Winners and Losers from the euro
This paper estimates the effect of having joined the monetary union on the income per capita of six early adopters of the euro using the synthetic control method. Our estimates suggest that while the income per capita of Belgium, France, Germany and Italy would have been higher without the euro, that of Ireland would have been considerably lower. The Netherlands is estimated would have been as well off without the euro. In addition, we use the insights from the literature on the economic determinants of the costs and benefits of monetary unions to explain these income effects. We find that early euro adopters with a business cycle more synchronized to that of the union, and more open to intra-union trade and migration lost less or gained more from the euro. A key role in the transmission of post-euro income losses across union members has been played by the integration of capital markets.
JEL-Codes: C21; C23; E65; F33; N14
Keywords: Monetary Union; Synthetic Control Method; Per Capita Income; euro
No. 2015_10   (Download full text)
Mayula Chaikumbung, Hristos Doucouliagos and Helen Scarborough
The economic value of wetlands in developing countries: A meta-regression analysis
This paper presents the first comprehensive synthesis of economic valuations of wetlands in developing countries. Meta-regression analysis (MRA) is applied to 1432 estimates of the economic value of 379 distinct wetlands. We find that wetland size has a negative effect on wetland values, marine wetlands are more valuable than estuarine wetlands, and per capita GDP has a positive effect on wetland values. Wetland services for water treatment and biodiversity are valued more highly than recreation. Wetland values estimated by stated preferences are lower than those estimated by market price methods. The MRA benefit transfer function has an average transfer error of 31%, with a median transfer error of 17%. Overall, MRA appears to be useful for deriving the economic value of wetlands at policy sites in developing nations.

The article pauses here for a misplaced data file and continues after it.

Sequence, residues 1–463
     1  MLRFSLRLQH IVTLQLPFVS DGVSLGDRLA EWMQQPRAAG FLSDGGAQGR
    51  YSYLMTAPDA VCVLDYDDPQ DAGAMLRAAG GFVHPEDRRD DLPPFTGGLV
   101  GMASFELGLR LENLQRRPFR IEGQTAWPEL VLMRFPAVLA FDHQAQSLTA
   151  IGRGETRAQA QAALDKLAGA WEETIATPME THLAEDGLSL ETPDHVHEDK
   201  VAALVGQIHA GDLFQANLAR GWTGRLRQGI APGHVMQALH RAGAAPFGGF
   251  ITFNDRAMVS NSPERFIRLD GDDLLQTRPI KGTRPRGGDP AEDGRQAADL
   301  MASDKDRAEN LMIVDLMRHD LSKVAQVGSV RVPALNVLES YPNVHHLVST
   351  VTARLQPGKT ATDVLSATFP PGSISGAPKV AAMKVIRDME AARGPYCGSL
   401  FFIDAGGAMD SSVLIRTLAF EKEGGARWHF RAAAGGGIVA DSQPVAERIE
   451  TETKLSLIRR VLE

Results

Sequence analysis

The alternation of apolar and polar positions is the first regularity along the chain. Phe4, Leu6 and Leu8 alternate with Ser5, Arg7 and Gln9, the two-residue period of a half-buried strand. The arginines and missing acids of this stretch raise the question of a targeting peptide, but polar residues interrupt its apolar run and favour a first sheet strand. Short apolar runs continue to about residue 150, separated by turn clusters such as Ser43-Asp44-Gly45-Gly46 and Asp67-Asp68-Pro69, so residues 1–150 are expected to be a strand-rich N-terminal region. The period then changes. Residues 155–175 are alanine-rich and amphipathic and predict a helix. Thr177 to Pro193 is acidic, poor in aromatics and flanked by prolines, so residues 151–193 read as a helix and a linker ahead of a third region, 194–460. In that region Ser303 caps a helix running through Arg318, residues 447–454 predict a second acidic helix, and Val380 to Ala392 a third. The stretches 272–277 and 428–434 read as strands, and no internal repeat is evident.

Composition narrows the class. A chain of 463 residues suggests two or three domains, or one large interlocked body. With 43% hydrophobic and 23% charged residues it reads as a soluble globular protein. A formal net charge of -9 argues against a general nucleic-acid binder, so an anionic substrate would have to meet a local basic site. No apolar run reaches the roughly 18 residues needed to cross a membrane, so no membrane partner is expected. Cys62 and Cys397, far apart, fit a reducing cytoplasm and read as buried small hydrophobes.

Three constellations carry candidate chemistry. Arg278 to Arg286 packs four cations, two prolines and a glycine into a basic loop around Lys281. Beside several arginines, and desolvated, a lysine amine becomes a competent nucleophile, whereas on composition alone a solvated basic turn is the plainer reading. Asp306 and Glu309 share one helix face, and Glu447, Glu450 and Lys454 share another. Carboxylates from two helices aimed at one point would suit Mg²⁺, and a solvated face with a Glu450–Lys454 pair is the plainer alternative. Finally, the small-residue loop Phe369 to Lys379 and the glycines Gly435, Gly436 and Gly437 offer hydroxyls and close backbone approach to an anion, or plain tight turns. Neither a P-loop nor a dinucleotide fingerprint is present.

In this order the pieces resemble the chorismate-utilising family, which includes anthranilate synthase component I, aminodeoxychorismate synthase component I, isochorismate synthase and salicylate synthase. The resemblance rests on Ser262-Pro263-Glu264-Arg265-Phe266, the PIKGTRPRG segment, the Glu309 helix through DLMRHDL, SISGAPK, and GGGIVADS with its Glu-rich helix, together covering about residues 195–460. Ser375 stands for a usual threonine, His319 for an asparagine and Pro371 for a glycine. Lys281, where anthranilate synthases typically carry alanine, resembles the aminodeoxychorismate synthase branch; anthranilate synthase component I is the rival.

JEL-Codes: Q25, Q51, Q57
Keywords: meta-regression analysis, valuing ecosystem services, value transfer, wetlands
No. 2015_1   (Download full text)
Zohid Askarov and Hristos Doucouliagos
Spatial Aid Spillovers During Transition
We investigate whether development aid stimulates growth in transition economies, paying particular attention to the possibility of spatial spillovers arising from aid. We find that aid has a positive impact on growth of the recipient country. However, aid also appears to generate adverse growth spillovers on other nations. In contrast, we find significant positive spatial spillovers from good policies and there is some evidence that growth in one transition economy tends to spillover to bordering countries. Spillovers are an important part of the growth experience of transitional economies.
JEL-Codes: O4, O5, F35
Keywords: aid effectiveness, spatial spillovers, transition economies
No. 2014_9   (Download full text)
Jae Kim, Hristos Doucouliagos and Hendrix College
Market Efficiency in Asian and Australasian Stock Markets: A Fresh Look at the Evidence
Market efficiency is an important feature of successful financial markets. The aim of this paper is to analyze the available evidence on the efficient market hypothesis (EMH). Meta-regression analysis is applied to 1,560 estimates of the Variance Ratio test of the efficiency of Asian and Australasian stock markets. We test if there is evidence of violation of the EMH and we also explain the heterogeneity in the reported test results. Our meta-regression analysis specifically accommodates the possibility of publication selection in favor of accepting the null hypothesis of market efficiency. We find that Asian stock markets are, on average, not informationally efficient. However, market efficiency has improved over time and market capitalization and economic freedom influences stock market efficiency; more developed and less regulated stock markets are more efficient.
JEL-Codes: G10, G14
Keywords: Random walk, meta-regression, efficient market hypothesis
No. 2014_8   (Download full text)
Zohid Askarov and Hristos Doucouliagos